SAN FRANCISCO (GenomeWeb) – After a long delay, researchers on the Faroe Islands have begun their effort to eventually sequence some 50,000 residents.
The Faroe Genome Project, or FarGen, was first announced in 2011, but has since faced logistical hurdles related to obtaining the appropriate regulatory approvals with regards to informed consent and how to manage the data.
Researchers have now broken up the project into several phases in order to demonstrate that the infrastructure and pipeline are robust. In the first phase, the team will sequence 1,500 exomes using both Illumina sequencing technology as well as 10x Genomics' Chromium platform to generate long-range information. Already, researchers have consented around 1,200 individuals and have prepared libraries for 200 of those.
It has also secured funding of around DKK 15 million ($2.4 million), which will enable it to complete the entire first phase of the project and part of the second phase, Noomi Gregersen, project manager for FarGen, said. Funding is from a mix of private and public entities, including the Faroese and Danish governments, she said.
An initial goal of the first phase will be to generate a Faroese reference genome, Gregersen said. For that, the researchers will use exome data, select a subset of participants for whole-genome sequencing, and use the long-range data from 10x Genomics to identify population-specific structural variants and haplotype information.
The Faroe Islands has a unique population due to its relative isolation — located between Norway and Iceland, but part of the Kingdom of Denmark — and a population-specific reference could help inform future genomic studies and identify haplotypes specific to the Faroese and clinically relevant variants that are more or less common in the population. Previous research groups have already demonstrated the power of population-specific reference genomes in identifying novel structural variants. For instance, the team that built a Korean reference genome identified more than 11,000 novel structural variants.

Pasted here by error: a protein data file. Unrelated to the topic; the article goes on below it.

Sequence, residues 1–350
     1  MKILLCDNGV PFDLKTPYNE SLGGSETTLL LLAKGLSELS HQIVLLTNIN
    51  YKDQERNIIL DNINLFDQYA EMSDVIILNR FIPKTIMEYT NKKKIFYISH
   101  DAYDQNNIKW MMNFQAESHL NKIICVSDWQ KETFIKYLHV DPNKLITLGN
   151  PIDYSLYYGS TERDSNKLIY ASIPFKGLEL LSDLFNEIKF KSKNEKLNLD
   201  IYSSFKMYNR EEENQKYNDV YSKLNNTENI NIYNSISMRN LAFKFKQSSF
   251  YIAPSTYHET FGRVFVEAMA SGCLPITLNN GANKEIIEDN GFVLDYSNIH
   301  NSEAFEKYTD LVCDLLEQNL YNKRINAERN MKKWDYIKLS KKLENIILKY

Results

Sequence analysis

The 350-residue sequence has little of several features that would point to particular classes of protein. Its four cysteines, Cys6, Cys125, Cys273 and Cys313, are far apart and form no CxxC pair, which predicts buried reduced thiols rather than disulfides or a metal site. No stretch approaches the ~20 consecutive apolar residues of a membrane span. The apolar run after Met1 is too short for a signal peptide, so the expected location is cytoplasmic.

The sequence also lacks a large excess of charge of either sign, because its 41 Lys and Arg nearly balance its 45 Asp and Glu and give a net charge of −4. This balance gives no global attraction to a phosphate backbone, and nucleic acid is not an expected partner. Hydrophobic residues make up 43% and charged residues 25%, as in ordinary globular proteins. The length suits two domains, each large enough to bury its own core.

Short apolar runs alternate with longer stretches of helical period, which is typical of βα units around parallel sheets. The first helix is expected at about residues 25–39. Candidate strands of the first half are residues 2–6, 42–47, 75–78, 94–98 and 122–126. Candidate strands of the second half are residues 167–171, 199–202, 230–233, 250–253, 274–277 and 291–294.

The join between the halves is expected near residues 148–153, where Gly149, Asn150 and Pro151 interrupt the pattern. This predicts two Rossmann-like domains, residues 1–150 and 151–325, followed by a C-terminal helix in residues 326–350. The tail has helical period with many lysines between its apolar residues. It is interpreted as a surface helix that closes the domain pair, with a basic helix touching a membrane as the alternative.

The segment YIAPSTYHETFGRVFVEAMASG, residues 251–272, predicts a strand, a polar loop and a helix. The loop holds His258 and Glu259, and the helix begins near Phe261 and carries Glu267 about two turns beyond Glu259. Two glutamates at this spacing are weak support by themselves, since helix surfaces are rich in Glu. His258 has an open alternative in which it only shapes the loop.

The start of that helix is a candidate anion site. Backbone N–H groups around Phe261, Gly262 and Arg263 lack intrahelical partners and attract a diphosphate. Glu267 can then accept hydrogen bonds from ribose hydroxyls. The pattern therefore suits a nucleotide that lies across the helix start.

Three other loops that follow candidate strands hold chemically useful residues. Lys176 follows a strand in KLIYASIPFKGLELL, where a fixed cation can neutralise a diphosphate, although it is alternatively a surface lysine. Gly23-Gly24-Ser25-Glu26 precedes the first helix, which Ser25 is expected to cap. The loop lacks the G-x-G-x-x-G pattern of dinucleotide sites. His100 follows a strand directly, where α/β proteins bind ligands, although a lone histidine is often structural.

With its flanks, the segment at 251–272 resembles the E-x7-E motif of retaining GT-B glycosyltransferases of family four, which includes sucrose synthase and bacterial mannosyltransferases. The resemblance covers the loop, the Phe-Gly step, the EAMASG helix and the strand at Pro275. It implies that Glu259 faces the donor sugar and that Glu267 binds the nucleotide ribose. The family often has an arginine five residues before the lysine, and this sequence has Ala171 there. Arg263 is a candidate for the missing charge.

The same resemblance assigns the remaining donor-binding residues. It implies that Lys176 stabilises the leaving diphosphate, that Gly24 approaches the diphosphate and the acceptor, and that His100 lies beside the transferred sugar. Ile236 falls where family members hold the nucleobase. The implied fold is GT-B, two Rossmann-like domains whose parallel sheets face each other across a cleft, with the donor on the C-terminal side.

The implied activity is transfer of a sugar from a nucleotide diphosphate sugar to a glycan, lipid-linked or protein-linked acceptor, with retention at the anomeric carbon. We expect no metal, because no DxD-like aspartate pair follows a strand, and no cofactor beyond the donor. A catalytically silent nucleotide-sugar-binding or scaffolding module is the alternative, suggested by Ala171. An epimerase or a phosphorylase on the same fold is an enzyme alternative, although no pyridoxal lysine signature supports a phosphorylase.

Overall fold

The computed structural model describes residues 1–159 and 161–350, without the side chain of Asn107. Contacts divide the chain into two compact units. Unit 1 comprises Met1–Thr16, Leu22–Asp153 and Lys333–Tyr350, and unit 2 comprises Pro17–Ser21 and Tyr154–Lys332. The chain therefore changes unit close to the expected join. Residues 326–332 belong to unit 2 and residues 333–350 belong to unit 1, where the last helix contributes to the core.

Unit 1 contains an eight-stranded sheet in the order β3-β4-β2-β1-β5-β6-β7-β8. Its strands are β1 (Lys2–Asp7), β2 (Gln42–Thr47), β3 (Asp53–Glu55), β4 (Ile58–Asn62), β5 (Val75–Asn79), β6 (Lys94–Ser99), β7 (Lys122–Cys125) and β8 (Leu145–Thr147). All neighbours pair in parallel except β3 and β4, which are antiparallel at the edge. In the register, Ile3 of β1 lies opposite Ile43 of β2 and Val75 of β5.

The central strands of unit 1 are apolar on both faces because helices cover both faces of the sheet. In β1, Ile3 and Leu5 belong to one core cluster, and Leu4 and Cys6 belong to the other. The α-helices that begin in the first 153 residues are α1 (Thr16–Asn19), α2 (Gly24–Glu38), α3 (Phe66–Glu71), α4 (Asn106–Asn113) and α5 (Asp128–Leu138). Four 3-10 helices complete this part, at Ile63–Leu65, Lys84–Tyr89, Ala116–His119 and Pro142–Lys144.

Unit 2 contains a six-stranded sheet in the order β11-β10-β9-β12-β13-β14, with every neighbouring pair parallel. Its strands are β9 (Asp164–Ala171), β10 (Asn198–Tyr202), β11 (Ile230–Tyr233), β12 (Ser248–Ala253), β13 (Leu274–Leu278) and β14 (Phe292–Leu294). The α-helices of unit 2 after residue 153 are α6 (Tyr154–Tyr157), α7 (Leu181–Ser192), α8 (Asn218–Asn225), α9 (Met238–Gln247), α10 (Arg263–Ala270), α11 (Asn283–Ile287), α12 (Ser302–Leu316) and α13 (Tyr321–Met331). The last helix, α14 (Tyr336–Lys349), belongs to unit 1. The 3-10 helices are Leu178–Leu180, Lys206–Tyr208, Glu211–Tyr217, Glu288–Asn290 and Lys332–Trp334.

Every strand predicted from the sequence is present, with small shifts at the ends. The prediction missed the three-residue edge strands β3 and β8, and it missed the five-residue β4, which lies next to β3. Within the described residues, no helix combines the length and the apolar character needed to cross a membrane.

Even within the Faroe Islands, which is actually a grouping of around 18 individual islands, there are subpopulations that have evolved relatively independently of each other with their own dialects, Gregersen said. So, to construct a Faroese reference genome, researchers will have to carefully identify participants in order to get a good representation of the whole population and not just one subpopulation, she said.
The Faroe Islands is well suited for genomic research not only because of its unique and relatively small population, but also because its public health system keeps extensive data. The Faroese public health services manage a Genetic Biobank, which includes a genealogy registry, a diagnosis registry, and a tissue registry. The genealogy registry is a family tree that includes all Faroese spanning from 1650 to present day. The diagnosis registry includes all diagnoses that are made in conjunction with research projects by physicians within the public health services.